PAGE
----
Korner gave what he knew was an ironic smile: “Well, we cannot lay here on the ground all day doing nothing. We will get clear and get to work assessing damage elsewhere.

The Nationale Volksarmee does not expect us to spend our days doing nothing, does it?”





February 5th 1990
Neumünster, West Germany


With what he regarded as more pressing issues to attend to, Generalmajor Fritsch had sent one of his senior aides from the Landstreitkrafte to this morning's briefing at the 8 MRD headquarters north of Neumünster to gather information on the military situation here in Holstein while he himself met with Strauss and the senior Stasi people which had moved into here. When his aide returned, Fritsch listened to how the frontlines had remained generally where they were overnight and what was planned to be done today in the way of continued operations here in the northern part of West Germany. The Soviets to the west – their airmobile brigade and tank regiment – were to continue to blockade regular West German Army forces inside the greater Hamburg area while continuing to push reconnaissance elements towards the North Sea coast. In the east, one of the 8 MRD's regiments was going to maintain a screening role against the West German regulars and reservists who had fallen back in that direction between Lubeck and Kiel. The rest of the attacking East German division was today expected to link up with the Soviet airborne forces holding onto the airport and naval base at Kiel, the lock gates at the eastern end of the Kiel Canal and the submarine base at Eckernforde. There were some remaining West German units between the leading elements of the 8 MRD and where the Soviets were as well as advance units of Danish forces which had come southwards yesterday. Squeezed between two opposing forces and under what was to be heavy air attacks, the gap was expected to be closed and then an advance would be made up to and over the strategic canal itself. Later on, in the next few days, the 8 MRD was to carry on moving northwards into Schleswig as it fought the Danes and overran all of the airbases which lay ahead such as Eggebek, Husum, Leck and Schleswig before entering Denmark.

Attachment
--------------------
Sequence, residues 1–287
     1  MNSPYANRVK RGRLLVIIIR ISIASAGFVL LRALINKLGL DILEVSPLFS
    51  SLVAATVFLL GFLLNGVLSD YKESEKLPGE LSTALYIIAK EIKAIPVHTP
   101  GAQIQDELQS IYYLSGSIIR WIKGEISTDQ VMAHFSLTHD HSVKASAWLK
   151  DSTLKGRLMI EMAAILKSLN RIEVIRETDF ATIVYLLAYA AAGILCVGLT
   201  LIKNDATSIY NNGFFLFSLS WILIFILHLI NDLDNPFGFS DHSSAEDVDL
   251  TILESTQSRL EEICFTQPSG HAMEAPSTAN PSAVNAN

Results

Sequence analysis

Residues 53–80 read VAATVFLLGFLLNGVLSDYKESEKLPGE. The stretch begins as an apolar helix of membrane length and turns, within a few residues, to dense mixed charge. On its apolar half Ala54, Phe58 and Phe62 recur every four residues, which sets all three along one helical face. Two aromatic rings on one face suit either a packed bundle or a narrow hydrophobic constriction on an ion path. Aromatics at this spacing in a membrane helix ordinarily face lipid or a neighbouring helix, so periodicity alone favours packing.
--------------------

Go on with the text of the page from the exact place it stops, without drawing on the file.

The briefing of the Strauss Group had been in no manner as interesting to Fritsch in person as to how his aide told him of the details of what was discussed by the 8 MRD's staff. Everything that had been known about last night was covered again this morning though with far more political platitudes than beforehand. Fritsch himself had spoken the necessary phrases when called upon to speak yet he was sure that most of those present hadn't believed him whereas others at Neumünster really did believe that the West Germans here were glad to be liberated from 'Capitalist exploitation' and had 'opened their homes to their liberators'.

Fritsch had only met one West German glad to see him in all of his time here and that had been the young lady working in the hotel where he had spent the night. She had come to his room and asked for his protection from 'when the Russians came'; Fritsch had conditions attached which she had agreed to with a fateful nod of the head before spending the night in his bed. The most-satisfying memories of that were still with him though were fading as his duties overtook his desires of how he wished to spend his time here in West Germany.


Neumünster was the biggest town in the Schleswig-Holstein region under occupation as neither Hamburg or Lubeck had been entered and Soviet paratroopers only held certain parts of Kiel that had a military value to them. It lay south of the Kiel Canal and was a major communications centre for Holstein, in particular with multiple railways lines converging upon the town and its large railway station. There was the nearby Autobahn as well with other major highways in the general area.